periodically regardless of their ownership.
The change would require a popular vote to amend Proposition 13, which is enshrined in the state Constitution, and would probably meet a wall of opposition from business owners, who complain they are overtaxed in California as it is.
For now, state and local officials are bound by rules that even some architects of Proposition 13 warned were ripe for abuse.
A year after Proposition 13 passed, state leaders began to grapple with the meaning of three words in the initiative: "change of ownership."
In the case of a single-family home, the change is obvious: A new deed is filed with the county recorder, triggering a reassessment. The property is then taxed based on its current market value.
But the transfer of business properties is more complex. What changes hands often is not the property but control of the legal entity -- a corporation, limited liability company or limited partnership -- that owns the real estate. In those cases, no new deed is filed.
A legislative task force searched for a bright line signaling a transfer and concluded that there were only two choices.
One was to require reassessment when a new company bought the property outright. The limitation of that was that it would capture too few transactions. The other method would require it when a single person or entity took control of more than 50% of a company that owned the property -- the majority-ownership rule.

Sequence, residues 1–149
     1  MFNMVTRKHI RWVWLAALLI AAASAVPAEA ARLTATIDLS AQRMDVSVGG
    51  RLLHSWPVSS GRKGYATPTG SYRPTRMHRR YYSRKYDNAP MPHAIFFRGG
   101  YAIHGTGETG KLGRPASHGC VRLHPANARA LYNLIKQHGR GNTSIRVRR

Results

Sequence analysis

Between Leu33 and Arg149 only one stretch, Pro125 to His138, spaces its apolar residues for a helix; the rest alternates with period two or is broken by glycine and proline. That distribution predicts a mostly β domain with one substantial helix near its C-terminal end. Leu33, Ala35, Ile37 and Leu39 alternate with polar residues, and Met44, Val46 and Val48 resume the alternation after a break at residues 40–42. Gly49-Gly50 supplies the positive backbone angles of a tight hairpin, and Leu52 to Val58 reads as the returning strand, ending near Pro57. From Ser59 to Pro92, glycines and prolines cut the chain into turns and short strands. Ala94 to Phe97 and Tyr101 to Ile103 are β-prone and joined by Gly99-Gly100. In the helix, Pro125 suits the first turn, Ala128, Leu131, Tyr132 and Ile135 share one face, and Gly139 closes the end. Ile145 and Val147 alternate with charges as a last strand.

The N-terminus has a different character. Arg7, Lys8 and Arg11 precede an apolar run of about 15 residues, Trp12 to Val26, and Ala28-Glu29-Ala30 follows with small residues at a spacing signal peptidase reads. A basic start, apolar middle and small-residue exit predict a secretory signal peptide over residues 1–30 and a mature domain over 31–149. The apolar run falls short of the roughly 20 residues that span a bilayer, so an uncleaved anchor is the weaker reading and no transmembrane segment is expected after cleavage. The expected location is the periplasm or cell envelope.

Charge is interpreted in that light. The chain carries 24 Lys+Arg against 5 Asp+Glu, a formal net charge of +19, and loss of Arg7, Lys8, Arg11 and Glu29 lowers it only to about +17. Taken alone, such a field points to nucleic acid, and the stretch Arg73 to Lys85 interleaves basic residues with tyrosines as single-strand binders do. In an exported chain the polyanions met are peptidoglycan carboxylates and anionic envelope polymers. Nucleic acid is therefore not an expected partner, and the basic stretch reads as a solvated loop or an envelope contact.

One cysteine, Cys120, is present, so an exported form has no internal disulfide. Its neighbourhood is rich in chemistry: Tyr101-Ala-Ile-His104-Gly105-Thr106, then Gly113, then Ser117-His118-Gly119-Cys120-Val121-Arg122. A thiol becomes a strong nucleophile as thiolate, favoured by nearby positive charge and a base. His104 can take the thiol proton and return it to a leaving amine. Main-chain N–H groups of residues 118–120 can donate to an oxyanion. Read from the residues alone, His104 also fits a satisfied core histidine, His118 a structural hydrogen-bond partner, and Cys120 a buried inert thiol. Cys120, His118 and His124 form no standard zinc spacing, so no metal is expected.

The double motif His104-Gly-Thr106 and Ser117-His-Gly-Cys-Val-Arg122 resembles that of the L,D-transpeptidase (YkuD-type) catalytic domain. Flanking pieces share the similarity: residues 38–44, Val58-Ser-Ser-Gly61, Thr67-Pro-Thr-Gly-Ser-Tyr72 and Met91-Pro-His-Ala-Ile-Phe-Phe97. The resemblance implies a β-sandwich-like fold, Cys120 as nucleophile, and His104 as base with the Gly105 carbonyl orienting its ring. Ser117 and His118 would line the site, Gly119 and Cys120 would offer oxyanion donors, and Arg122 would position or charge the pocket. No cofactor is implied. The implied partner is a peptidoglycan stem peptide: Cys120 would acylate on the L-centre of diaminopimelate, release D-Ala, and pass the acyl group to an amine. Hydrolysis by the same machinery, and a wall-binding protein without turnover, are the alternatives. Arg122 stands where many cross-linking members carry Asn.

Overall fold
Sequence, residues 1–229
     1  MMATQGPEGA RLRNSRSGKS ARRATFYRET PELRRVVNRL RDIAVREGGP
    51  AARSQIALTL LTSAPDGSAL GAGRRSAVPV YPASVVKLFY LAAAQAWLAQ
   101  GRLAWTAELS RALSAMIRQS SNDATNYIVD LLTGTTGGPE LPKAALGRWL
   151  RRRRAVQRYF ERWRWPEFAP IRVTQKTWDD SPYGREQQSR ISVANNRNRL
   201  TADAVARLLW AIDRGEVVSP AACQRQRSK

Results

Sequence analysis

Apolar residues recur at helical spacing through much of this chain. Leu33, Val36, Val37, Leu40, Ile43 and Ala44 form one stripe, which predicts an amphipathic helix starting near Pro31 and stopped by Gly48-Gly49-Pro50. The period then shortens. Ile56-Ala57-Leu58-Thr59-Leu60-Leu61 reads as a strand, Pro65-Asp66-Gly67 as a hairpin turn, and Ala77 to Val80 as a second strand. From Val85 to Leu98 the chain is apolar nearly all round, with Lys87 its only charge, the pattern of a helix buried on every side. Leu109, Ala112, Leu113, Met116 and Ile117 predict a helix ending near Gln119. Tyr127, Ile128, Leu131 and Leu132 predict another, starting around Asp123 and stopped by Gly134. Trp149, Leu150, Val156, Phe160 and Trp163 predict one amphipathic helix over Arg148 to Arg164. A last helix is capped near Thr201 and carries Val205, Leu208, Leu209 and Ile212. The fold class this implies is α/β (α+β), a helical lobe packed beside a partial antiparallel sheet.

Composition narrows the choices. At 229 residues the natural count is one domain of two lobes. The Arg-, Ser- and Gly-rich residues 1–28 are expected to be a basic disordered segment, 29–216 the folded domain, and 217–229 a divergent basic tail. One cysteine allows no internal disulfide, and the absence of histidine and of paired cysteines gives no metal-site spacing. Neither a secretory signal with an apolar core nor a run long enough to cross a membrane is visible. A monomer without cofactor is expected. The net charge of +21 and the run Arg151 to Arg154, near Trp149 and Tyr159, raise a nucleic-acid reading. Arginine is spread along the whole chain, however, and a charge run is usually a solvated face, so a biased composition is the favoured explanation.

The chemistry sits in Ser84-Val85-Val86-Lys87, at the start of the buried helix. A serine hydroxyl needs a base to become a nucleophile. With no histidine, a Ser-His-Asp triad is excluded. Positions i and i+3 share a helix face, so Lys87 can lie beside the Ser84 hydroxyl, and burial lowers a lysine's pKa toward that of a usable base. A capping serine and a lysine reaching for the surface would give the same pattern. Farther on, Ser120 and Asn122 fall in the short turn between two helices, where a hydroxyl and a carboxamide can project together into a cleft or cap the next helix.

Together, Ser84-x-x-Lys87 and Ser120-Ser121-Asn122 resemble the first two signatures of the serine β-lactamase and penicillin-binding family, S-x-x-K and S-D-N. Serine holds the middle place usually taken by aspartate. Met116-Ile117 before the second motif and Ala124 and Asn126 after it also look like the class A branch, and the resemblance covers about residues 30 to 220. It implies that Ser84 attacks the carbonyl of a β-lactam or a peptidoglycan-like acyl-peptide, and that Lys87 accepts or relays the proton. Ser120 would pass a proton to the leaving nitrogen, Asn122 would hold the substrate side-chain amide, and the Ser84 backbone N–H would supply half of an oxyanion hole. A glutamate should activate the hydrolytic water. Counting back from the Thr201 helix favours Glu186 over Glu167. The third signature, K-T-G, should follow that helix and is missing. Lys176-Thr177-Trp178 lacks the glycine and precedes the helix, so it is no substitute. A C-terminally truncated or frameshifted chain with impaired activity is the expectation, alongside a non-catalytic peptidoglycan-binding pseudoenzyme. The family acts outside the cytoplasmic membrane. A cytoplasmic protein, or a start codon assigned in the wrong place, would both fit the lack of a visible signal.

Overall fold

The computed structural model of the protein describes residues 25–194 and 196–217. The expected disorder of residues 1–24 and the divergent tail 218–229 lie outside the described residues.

Adopting the majority-ownership rule would lead to "monumental" enforcement problems, the task force warned: "No one, no matter how skilled and imaginative, can foresee ... every possible form of real property transfer."
But the Legislature adopted it anyway, concluding it was the better of two imperfect solutions.
Today, the Board of Equalization relies on businesses to accurately disclose changes in majority ownership. Assessors sometimes scan newspapers for big deals the board might have missed.
Often, buyers take majority ownership because other business advantages outweigh the tax benefit.
But the Miramar deal is not the only instance in which a wealthy buyer has used the majority-ownership loophole to save millions.
In 2002, E&J Gallo, the world's biggest winemaker, purchased Louis M. Martini, which owned more than 1,000 acres of prime Napa and Sonoma County vineyards. None of the property was reassessed because Martini was divided among 12 Gallo family members, none of whom acquired more than 50%.
Some of that property today is worth more than $150,000 an acre but continues to be taxed based on its 1975 value of a few thousand dollars an acre, according to Napa County assessor John Tuteur.
In 1998, a Canadian skiing conglomerate bought 58% of Mammoth Mountain resort, which had been family-owned for years. The new owner, Intrawest Corp., argued that the property should not be reassessed because the deal did not give it a majority of the voting rights in the company.
The county assessor concluded that challenging the ski resort in court would be too costly.
In 2005, it changed hands again. This time, the buyer bought majority control and paid for it in property taxes: The assessed value almost doubled, bringing in an additional $1 million in annual revenue for Mono County.
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